Rebels in Bohemia: The Radicals of the Masses, 1911-1917

By Leslie Fishbein | Go to book overview

Acknowledgments

To those not fortunate enough to have lived "before the revolution" writing about such a period can provide both consolation and hope. Despite the naïveté and neuroses of The Masses' group, their utter sincerity of purpose disarmed me, and I decided to become the chronicler of their madcap escapades and serious missions. This work originated from a paper on the impact of Freud and Marx on Floyd Dell, presented to Gordon Taylor in his graduate American literature survey, and another on the federal suppression of left- wing antiwar agitation, presented to the late Arthur Sutherland in a seminar on civil law and the judicial process, both at Harvard University during 1967-68.

For complete freedom to develop my ideas and a firm but sensitive hand in shaping the material once it was submitted, I would like to thank my adviser Frank Freidel, whose patience (infinite) and support (profuse) eased my labor pains considerably. Daniel Aaron questioned my premises, improved my style, and guided me to sources familiar to him from his vast reading in the field. Andrew Rolle, my colleague at Occidental College, kindly made his psychohistorical and editorial skills available to me through his detailed and insightful criticism of my chapter on the sexual revolution. Subsequently Gary Nash of the University of California at Los Angeles and Allen Matusow of Rice University read sections on Greenwich Village feminism and the popularization of Freudianism respectively and offered critical guidance in strengthening my thematic organization.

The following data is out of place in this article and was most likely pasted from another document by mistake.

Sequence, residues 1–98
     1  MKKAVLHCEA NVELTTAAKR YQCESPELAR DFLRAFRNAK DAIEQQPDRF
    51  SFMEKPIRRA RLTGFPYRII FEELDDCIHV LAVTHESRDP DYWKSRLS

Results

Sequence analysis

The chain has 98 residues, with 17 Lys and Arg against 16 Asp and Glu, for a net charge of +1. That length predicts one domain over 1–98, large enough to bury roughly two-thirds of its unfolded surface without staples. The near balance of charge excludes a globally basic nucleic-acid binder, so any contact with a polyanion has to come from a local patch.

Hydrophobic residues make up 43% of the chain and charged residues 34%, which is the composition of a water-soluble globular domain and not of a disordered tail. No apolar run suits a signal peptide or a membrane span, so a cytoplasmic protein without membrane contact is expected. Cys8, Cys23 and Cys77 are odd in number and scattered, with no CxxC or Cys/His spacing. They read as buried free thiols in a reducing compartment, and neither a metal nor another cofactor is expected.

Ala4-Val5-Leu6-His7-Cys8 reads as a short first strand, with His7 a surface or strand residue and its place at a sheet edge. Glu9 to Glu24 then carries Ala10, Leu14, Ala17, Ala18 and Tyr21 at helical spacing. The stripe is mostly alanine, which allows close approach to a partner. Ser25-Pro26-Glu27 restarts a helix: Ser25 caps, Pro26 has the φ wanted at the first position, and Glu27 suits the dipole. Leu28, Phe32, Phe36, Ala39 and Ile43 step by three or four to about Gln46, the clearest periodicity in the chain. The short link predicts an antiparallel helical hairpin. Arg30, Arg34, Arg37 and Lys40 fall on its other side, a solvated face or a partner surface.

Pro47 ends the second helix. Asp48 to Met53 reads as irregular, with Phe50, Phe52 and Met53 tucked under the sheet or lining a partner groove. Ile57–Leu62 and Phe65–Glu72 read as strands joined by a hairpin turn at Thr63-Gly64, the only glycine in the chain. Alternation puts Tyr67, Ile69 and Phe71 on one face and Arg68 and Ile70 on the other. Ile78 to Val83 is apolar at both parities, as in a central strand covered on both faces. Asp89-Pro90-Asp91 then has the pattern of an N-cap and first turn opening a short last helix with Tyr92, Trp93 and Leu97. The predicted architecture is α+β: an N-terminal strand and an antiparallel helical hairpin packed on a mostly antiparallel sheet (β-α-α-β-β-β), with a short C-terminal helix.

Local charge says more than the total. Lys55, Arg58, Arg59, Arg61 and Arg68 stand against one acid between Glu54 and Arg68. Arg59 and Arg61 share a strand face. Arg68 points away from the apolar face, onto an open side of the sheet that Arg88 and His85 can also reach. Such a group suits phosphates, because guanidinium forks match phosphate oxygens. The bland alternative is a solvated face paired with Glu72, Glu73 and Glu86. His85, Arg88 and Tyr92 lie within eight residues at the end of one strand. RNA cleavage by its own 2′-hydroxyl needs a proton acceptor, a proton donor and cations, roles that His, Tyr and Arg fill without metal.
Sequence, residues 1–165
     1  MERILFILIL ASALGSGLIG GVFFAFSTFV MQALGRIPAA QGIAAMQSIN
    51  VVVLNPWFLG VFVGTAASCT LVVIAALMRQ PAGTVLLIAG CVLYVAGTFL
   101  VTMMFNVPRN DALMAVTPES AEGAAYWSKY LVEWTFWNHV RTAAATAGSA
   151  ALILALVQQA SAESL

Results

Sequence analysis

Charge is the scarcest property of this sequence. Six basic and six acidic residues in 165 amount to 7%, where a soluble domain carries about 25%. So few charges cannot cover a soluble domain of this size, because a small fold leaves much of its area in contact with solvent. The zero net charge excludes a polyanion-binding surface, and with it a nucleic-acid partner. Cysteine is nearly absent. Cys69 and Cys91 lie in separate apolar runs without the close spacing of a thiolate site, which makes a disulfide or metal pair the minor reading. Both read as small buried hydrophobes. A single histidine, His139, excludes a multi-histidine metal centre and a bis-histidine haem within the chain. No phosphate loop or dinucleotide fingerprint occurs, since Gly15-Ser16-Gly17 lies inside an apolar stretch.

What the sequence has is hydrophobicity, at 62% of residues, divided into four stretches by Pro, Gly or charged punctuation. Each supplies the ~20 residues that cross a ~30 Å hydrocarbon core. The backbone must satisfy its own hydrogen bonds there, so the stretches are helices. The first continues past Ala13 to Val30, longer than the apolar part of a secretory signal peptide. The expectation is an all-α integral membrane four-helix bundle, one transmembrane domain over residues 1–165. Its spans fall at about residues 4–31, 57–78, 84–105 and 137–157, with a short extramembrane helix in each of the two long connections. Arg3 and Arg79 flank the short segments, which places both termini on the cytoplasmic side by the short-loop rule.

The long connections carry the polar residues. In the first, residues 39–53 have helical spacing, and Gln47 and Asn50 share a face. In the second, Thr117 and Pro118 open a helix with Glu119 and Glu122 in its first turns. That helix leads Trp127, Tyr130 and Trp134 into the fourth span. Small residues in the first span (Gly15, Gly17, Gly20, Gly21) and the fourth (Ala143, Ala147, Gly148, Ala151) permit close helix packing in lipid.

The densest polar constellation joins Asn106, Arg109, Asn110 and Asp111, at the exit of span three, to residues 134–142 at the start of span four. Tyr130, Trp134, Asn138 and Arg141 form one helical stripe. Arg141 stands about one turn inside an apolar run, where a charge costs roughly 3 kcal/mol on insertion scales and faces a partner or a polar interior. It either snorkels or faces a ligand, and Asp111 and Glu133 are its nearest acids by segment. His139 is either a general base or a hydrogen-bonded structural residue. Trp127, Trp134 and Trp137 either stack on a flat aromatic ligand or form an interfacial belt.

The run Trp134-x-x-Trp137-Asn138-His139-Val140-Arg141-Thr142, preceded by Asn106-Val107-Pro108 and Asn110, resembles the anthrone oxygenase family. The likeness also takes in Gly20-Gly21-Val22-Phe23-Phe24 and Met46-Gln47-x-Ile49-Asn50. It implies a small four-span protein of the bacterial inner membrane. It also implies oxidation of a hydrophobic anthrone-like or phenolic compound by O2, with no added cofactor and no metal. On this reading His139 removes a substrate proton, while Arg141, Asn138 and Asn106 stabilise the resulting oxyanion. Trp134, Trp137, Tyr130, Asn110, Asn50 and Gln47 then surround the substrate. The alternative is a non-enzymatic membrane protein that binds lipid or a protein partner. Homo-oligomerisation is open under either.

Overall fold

I am indebted to the staffs of the Widener, Houghton, Lamont, and Law School libraries at Harvard, the Butler Library at Columbia, the Newberry Library in Chicago, the New York Public Library, and the Tamiment Institute Library in New York City. Those dedicated workers were always courteous and helpful, and the crew in the microfilm room at Lamont also provided comic relief in that Dark Hole of Calcutta.

Maurice Becker and Helen Farr Sloan graciously answered my letters of inquiry about the period, and I also carried on fruitful correspondence with

-xiii-

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